CBC reports that researchers at McMaster university have found a way to "restore metabolism to youth levels," potentially allowing for the treatment of obesity and diabetes.
Published in Nature Medicine Monday, researchers from McMaster University show that by inhibiting the hormone serotonin found in the gut of mice, the body's natural furnace, a lesser-known organ called brown adipose tissue, is more active and burns more calories.
Brown adipose tissue is found near the collar bone, and is also known as brown fat. It has no relation to white fat, the fat stores found all over the body, and was previously thought to only exist in rodents, hibernating animals and children, says the paper's co-author Gregory Steinberg, a professor of medicine at the Michael G. DeGroote School of Medicine.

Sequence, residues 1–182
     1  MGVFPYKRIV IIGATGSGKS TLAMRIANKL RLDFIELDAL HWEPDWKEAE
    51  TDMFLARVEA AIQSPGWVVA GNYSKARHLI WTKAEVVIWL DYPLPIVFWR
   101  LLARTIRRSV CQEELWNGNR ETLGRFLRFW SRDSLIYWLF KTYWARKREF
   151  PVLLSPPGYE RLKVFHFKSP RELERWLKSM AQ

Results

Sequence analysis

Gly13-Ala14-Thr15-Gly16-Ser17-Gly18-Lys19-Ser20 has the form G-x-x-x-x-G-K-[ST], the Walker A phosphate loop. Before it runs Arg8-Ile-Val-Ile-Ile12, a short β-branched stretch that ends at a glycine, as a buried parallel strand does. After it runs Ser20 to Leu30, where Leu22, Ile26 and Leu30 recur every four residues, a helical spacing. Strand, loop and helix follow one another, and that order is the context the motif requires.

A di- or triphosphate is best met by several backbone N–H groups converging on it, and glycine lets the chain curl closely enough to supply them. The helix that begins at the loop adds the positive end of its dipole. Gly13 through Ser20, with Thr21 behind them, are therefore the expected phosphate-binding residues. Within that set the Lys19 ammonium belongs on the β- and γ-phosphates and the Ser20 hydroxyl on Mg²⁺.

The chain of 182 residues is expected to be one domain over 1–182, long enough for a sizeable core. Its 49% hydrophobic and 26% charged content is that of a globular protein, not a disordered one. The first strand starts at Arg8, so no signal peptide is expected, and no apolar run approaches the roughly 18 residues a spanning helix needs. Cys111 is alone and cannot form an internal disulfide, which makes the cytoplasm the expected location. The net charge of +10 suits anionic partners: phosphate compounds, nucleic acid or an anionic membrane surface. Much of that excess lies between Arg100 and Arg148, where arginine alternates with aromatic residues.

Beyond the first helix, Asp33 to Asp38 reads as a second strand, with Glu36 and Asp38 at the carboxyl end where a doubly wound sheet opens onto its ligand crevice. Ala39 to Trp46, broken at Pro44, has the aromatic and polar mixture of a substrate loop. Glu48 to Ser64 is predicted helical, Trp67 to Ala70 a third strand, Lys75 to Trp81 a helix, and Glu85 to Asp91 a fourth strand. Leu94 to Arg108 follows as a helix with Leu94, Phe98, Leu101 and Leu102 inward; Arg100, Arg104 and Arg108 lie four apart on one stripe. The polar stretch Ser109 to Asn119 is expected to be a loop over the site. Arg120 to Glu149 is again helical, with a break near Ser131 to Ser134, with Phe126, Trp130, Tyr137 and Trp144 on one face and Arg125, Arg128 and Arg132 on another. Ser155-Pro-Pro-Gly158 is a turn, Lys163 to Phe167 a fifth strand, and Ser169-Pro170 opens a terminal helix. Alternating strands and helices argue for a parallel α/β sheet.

“Our results are quite striking and indicate that inhibiting the production of [serotonin] may be very effective for reversing obesity and related metabolic diseases including diabetes," Steinberg said.
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